"My wife is kicking me into the 21st century, which is good, and so I have a website. And we're on Facebook. I'm getting better," says Orlandini.
Most recently, Orlandini did restoration work at The Plaza Hotel and, in the past, at the Cafe at the Plaza inside the hotel. He has also completed jobs at The Pabst Theater, Wisconsin Historical Society, Central Library and The Oriental Theater.
A few years ago, when The Oriental Theater expanded its concessions stand, Orlandini made plaster elephants to adorn the new stand along with new air vents for the theater lobby.
"We do a little bit of everything," he says. "A lot of our pieces are all over Milwaukee."
Matthew and Julian worked on the Marcus Center for the Performing Arts, which originally opened as the Performing Arts Center in 1969.
Orlandini is starting to explore the medium of cement, as well. His grandfather worked with cement a lot, but his uncle wasn't as interested, so Eugene is learning more about it on his own. The two materials are quite different.
"Cement can sit outside for a very long time and it's fine. It can handle weather. Plaster, no matter how well you paint it or treat it, will eventually start to decompose, get craggy and slowly vanish from existence," he says.
Cement work dries on its own, sometimes with the help of fans, and then can be painted or left unpainted.
"I work with some very talented painters and I'm envious of their abilities. I'm horrible with colors. But then again, I've been around a world of white for most of my life," he says.
Consequently, because of the dust factor, Eugene also wears a lot of white clothing.
"People say, 'you look like you're about to deliver some ice cream,'" he says. "I just need a different hat."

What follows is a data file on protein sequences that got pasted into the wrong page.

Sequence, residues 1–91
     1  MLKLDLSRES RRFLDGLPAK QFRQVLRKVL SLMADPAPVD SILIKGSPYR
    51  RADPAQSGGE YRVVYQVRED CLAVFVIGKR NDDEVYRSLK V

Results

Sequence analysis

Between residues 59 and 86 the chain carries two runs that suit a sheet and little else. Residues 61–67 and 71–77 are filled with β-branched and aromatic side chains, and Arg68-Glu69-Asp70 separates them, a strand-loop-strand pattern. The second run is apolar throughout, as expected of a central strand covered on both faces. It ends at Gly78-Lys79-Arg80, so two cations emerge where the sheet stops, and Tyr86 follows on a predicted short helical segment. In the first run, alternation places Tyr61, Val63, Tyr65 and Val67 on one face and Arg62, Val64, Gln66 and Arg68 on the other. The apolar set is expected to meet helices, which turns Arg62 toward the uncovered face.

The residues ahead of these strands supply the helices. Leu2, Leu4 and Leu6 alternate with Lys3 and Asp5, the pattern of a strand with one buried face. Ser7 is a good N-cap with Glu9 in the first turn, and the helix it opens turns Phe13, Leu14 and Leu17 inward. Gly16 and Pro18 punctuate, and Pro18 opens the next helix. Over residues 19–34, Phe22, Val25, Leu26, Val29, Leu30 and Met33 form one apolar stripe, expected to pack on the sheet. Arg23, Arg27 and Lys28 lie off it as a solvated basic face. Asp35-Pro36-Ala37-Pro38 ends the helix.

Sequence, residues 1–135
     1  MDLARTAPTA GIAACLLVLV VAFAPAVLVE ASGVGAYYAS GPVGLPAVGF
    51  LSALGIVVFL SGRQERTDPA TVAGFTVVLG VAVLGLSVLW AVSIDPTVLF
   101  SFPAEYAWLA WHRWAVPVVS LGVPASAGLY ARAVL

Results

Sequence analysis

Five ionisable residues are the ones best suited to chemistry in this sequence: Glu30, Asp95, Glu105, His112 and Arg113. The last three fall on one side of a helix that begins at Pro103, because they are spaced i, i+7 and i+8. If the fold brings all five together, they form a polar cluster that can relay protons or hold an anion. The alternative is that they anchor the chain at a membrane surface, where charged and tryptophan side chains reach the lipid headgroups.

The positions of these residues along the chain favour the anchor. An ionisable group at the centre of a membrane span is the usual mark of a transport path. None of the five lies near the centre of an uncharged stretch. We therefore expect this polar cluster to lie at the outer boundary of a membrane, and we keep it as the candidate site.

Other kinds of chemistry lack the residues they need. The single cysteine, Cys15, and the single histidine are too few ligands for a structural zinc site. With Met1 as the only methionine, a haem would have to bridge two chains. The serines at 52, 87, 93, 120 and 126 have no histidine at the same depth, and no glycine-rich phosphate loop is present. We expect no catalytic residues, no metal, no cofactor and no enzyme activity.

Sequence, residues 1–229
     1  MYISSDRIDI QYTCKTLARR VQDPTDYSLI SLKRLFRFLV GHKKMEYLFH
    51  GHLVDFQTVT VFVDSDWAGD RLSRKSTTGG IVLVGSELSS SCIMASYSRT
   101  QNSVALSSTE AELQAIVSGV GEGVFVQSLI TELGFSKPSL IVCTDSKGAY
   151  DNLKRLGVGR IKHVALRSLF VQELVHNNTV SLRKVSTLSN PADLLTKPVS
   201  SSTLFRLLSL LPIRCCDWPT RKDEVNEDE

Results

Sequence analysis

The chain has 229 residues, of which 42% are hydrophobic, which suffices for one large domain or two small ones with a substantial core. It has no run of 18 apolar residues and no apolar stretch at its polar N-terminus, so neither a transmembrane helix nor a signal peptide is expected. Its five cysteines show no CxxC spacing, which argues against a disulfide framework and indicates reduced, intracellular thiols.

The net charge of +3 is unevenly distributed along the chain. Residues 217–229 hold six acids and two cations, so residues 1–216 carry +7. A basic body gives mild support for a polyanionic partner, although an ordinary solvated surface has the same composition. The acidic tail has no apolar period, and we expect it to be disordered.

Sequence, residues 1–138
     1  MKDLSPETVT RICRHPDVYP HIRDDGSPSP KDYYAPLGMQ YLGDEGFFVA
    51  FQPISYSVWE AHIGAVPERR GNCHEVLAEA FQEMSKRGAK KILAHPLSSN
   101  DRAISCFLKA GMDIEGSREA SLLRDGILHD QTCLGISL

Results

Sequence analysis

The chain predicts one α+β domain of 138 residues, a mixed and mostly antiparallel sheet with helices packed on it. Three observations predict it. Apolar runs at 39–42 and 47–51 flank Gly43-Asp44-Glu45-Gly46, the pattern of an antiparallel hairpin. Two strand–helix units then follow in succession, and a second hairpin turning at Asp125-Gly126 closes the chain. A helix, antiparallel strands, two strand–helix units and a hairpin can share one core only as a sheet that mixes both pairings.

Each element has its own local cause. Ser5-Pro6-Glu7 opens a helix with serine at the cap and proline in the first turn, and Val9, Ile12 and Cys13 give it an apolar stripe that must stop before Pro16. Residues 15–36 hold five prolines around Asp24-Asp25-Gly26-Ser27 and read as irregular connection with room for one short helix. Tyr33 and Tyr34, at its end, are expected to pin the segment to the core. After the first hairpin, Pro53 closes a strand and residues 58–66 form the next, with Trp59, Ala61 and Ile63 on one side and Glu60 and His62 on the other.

It's dusty work, but Orlandini says it's not a job that's hazardous to his health. He says that plaster dust, unlike coal dust or asbestos, is dispelled by the lungs.
"My grandfather and uncle both smoked a good portion of their lives, but they quit and when they died, despite their trade, had 'happy lungs,'" says Orlandini, who still occasionally wears a dust mask while working.
Orlandini has created thousands of pieces, but when asked which is his favorite, he laughs.
"That's a really hard question. It's like asking what's your favorite song," he says.
Orlandini Studio will be open for Spring Gallery Night and Day, April 19-20. Guests will be able to check out his studio and work as well as cast a small plaster piece of their own.
Orlandini encourages people to stop by any time.
"I have an open-door policy here. I just ask people call before they come but we welcome visitors and the curious," he says.
The studio participates in Historic Milwaukee's Doors Open program – which is next scheduled for Sept. 21-22, 2013 – and displays work in the cultural tent at Festa Italiana.
Orlandini says he and Shelly have debated for years whether he's an artist or a craftsperson.
"She says I'm an artist; I usually say 'tradesman,' but I guess I'm a little bit of both," he says.